Unfortunately, this kind of story is more common than it should be. Transmission developers have been guilty of ignoring owner preferences, for example, stretching towers and cables right through fields, rather than along fence lines. Contentious power line projects like the Badger-Coulee project in Wisconsin highlight the conflict between transmission companies and the people they affect.
Banking on the Future
For communities the song remains the same: organize. The people of Hazen did it 30 years ago. And the people of Petersburg, Nebraska, have followed suit.
Like many small Nebraska towns, Petersburg was looking to boost its economy and attract new life. When wind developers identified the area as prime, residents listened. Having stimulated local interest, the developers tried to pick off landowners one-by-one. But residents organized instead.
Petersburg’s citizens took the time to hear each other out and gave each voice its due. Although the process took much longer, a stronger agreement was eventually reached by making sure everyone felt heard.
As Ross Knott, Petersburg resident and president of the local bank, put it, “You need those opposing views because it brings things to your attention. Questions on noise, aesthetics – they’re all valid points. It takes longer to reach consensus, but it’s worth it in the end.”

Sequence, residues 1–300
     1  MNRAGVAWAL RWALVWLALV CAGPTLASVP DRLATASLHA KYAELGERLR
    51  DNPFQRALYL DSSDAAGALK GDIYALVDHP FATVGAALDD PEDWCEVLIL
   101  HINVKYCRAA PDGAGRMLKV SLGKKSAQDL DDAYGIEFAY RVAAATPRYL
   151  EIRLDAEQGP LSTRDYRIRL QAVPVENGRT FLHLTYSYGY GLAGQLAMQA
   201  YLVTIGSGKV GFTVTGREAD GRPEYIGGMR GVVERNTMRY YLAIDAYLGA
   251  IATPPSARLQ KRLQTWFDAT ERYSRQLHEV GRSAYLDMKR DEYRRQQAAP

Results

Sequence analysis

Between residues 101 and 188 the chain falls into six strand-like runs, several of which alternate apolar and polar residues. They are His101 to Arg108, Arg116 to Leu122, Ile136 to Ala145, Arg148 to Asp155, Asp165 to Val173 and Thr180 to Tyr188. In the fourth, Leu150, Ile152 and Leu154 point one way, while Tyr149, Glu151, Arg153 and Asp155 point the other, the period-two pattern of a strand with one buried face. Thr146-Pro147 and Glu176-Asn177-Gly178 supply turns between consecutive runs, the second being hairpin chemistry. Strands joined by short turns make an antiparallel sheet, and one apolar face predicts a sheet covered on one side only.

The landowners formed a limited liability corporation to negotiate with the developers. And the developers agreed to many of the community’s demands. As workers swarmed the town to construct the turbines and transmission infrastructure, Petersburg built a new supermarket and tried to make the workers feel welcome.
“The first day of construction, our community whipped up some pancakes and brought out the welcome wagon. We visited the workers on-site and told them how happy we were to have them,” Knott said.
This goodwill reaped dividends for the community. Many workers chose to live, shop, and spend in Petersburg. Yet it wasn’t all rosy. Because the turbines are under warranty for the first five years, company workers, not local workers, must be brought in until the warranty expires.
The developers are coming. Wind resources are too lucrative for them to ignore. Communities that organize hold the power. Listening to neighbors and aggregating power can take time and patience, but the results are worth it. Done well, wind energy development can help make rural places stronger.
Easement payments can compensate landowners for the use of their property. Money is funneled back into the locality through property taxes, benefiting schools, roads, and more.
New blood can help businesses thrive. In Petersburg construction crews spent money locally, creating a cascade of economic development. After the temporary workers leave, local residents can benefit from new jobs.
Petersburg resident Ross Knott summed it up, “The best case scenario is five years from now, all those jobs are held by people from the Boone County area that wanted to return home. And they’re all raising a family, sending kids to our school system, buying groceries, supporting our community.”
Organizing is the key to unlock these economic opportunities. Communities have the power. Literally.
Paul Mansoor is a former energy policy intern for the Center. Paul has moved on to Seattle. Send your comments to Johnathan Hladik, firstname.lastname@example.org. A longer version of this article first ran on Daily Yonder.